Siberian Soundscape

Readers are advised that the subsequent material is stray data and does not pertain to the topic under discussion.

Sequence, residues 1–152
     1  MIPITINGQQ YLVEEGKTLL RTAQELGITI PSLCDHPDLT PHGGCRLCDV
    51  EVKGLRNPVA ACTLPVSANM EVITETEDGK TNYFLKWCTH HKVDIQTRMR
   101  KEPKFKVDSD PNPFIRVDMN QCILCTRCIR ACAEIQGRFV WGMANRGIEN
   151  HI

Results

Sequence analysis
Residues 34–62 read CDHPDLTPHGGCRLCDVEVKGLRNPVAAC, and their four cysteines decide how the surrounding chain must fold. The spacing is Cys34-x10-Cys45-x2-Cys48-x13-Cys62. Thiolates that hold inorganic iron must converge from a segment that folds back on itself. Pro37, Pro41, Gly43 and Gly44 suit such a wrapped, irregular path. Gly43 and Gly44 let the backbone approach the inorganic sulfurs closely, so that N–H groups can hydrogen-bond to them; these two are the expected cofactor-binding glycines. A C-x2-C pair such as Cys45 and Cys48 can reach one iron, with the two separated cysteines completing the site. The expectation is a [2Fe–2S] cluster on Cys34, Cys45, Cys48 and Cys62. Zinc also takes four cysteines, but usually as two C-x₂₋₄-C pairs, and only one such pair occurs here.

I am thinking about soundscape of my Siberian village, what it’s like, what marks it. Cows mooing, cats meowing, dogs barking, roosters coo-ca-re-cooing (this is how roosters’ cry is transcribed in this part of the world). A noise of occasional car or a motorcycle. I was thinking about problematizing “submergence” the way Helmreich problematizes “immersion” in his article (Helmreich, 2007). Before the village of Anosovo was built, several smaller villages were submerged by water. By going to the field, quite analogously to Helmreich immersion, I am going to submerge myself in life there. Submergence is also the falling deeper down in layering of time, as opposed to resurfacing. Anosovo might be called to be submerging into oblivion, nothingness, dissolving, dissipating. Falling behind, backwards, as the world goes into supposed future. Concurrently, it is very possible that Anosovo is eternal. Some zaimka – small settlement, perhaps no more than several houses – existed on these lands long before Soviet industrialization. The historic epochs could roll, eclipsing each other, somewhere there, far far away, in cities, in Moscow, in Saint Petersburg, in Paris, in Berlin, in New York, in Tokyo, but this secret, secluded, unexposed place would proceed with its quiet existence in its own enclosure.